Breaking Down Cybercrime in Automotive - AutoSuccessOnline
Connect with us
Close Sidebar Panel Open Sidebar Panel

Sponsored Content

Breaking Down Cybercrime in Automotive

Sponsored by Proton Dealership IT

Your dealership is a treasure trove of data. Think about it… names, phone numbers, addresses, work details, salary, and social security numbers for hundreds, if not thousands, of consumers. Financial details about their vehicle purchases. Credit card information from service. The list goes on and on. All of this data makes dealerships a prime target for cyber-attacks. Here are some facts to get you considering the impact of cybercrime in automotive:

  • Ransomware is the most common form of attack in automotive and email is the number one method for gaining access to a dealership’s network.
  • The average ransomware remediation costs are $1,400,000.1
  • Business are down after a ransomware attack for an average of 21 days.2
  • 84% of consumers would not buy another vehicle from a dealership after their data had been compromised.3
  • 30% of dealerships are not up-to-date on their security software.4
  • Only 21% of security professionals think their current security controls are adequate.5

Let’s break these down.

What exactly is ransomware?

Ransomware is a malicious software that gets into the dealership’s network, encrypts and often steals data, and then demands a ransom payment in order to get it back.

Think about each of your departments and the interactions they have that could be a cyber-threat:

Sales people: They are tasked with answering online inquiries daily. They are supposed to be timely so they don’t impede customer satisfaction. So, do you think they stop to consider every email they receive and whether or not it’s a potential threat? Probably not, they simply respond without question.

Business Office personnel: These folks are routinely sending information inside and outside the dealership. These could be reports to management or invoices to outsides vendors. They are also in charge of receiving and making payments.

Fixed Ops: Again, this crew is receiving various inquiries about service appointments, price estimates, parts availability through email. They are busy and don’t have the time, or maybe even the knowledge, to stop and consider whether every request is safe.

All of the interactions above are what make email such an easy target. People expect emails, and they are used to working quickly. So how exactly do hackers do it?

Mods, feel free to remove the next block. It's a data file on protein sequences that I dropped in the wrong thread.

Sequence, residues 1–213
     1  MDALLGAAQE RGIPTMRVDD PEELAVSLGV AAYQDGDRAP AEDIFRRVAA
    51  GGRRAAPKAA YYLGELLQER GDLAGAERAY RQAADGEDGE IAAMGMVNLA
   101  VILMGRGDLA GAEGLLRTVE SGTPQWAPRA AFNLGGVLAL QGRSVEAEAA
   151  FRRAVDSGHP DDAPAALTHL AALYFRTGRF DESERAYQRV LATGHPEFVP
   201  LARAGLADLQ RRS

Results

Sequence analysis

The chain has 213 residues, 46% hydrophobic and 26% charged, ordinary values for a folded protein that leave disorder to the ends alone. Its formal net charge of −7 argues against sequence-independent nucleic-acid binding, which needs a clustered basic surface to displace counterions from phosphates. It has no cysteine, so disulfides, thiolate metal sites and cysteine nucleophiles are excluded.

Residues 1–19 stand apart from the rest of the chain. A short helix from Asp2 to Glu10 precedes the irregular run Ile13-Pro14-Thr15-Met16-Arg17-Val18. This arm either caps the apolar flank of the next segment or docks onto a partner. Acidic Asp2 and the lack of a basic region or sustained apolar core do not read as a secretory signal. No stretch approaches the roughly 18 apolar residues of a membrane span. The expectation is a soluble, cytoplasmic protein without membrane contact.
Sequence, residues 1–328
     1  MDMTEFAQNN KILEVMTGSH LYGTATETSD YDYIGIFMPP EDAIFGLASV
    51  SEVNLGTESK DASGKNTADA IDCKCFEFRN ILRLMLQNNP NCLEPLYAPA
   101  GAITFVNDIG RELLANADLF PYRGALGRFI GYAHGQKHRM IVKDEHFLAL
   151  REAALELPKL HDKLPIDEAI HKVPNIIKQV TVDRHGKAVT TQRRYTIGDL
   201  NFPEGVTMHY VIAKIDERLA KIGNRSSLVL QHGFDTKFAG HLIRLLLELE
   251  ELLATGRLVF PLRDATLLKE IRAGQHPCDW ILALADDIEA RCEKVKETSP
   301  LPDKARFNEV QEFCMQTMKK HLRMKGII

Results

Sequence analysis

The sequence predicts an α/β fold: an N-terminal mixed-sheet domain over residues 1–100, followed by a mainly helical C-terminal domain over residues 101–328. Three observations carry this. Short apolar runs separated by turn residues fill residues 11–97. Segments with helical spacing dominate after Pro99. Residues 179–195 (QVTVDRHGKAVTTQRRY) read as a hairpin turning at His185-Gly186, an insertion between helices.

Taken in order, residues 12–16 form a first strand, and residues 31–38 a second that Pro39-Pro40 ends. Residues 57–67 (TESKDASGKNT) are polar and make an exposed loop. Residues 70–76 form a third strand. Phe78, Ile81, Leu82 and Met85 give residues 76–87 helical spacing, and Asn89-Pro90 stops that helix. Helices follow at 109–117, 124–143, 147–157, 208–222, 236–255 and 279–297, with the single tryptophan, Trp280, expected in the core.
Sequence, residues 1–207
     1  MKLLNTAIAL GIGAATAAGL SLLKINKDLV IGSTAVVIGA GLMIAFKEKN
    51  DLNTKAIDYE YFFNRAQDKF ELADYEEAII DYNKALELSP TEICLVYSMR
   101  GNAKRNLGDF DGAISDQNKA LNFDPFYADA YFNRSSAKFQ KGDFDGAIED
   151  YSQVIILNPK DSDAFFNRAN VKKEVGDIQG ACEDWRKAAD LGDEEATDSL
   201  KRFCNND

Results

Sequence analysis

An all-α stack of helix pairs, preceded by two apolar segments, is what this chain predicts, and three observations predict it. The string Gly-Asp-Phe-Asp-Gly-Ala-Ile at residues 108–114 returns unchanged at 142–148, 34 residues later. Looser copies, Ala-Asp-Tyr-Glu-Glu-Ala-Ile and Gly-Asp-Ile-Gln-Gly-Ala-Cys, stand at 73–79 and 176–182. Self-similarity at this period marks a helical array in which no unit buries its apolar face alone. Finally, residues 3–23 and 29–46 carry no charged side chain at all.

How do hackers penetrate your network?

Hackers have become so sophisticated, they are actually able to get inside your network and monitor what’s going on. They identify a contact whom you email frequently, maybe you receive an invoice or report from one of your managers weekly. After months of monitoring from the inside, they will send you a message disguised as the typical email you get. It might have an attachment that looks like the invoice or report you typically receive, but as soon as you click it, a malicious download begins in the background.

From there, depending on the level of cybersecurity you have, the hackers could completely infiltrate your network and shut you down. So what are the consequences if this does happen?

Real World Consequences to Automotive Cybercrime

As the hackers get in and start moving through your network, they begin looking for valuable data to encrypt and backups to destroy. Their goal is to execute maximum damage. When your employees begin to arrive at work the next day, they have a challenging morning. Many of them aren’t able to log on and some have a weird message on their screens. Your entire dealership is down… you can’t sell or service cars, you can’t close deals, you can’t pay bills or accept payments.

The cost of this event could be days with no operations at all. Lost customers who go to another store for a vehicle purchase or service work. Angry customers whose vehicles are in for service, but they now can’t get them for days. Then once you finally do get back up and running, it’s a slow process, getting computers back online, getting your data off the back-ups that are hopefully current, and making sure everything is accurate.

Once the dust has settled, you can finally start to think about your reputation and the impact this will have on future business. Think of the customers you’ll have to notify, and the friends they’ll share this news with.

You might now be wondering, “How do I ensure this doesn’t happen?”

Protecting Your Dealership From Cybercrime

The right cybersecurity program could be the make-or-break element in an event like this. It all starts with a strong perimeter firewall to protect your network.  Then, if something manages to get through your firewall, the next layer of protection is advanced email security that is able to identify and filter out suspicious emails. Additionally, if something does get through to email, a comprehensive system should alert the monitoring team so they can step in and take action if needed.

Taking it a step further, endpoint detection and response will protect each of the individual computers and mobile devices your team uses every day. To cap it all off, your employees should be trained to look for suspicious email triggers. They are your first line of defense.

Consider your dealership, the legacy that has either been passed down for generations or that you plan to one day pass down yourself. One cyberattack could change all of that. Protect your dealership, protect your legacy, before it’s too late.

1 Sophos, The State of Ransomware 2022
2 Coveware report,, Buckle up – automotive dealerships unprepared for cybercrime
3 Total Dealer Compliance
4 Total Dealer Compliance
5 Forrester Research, 2020

Click to comment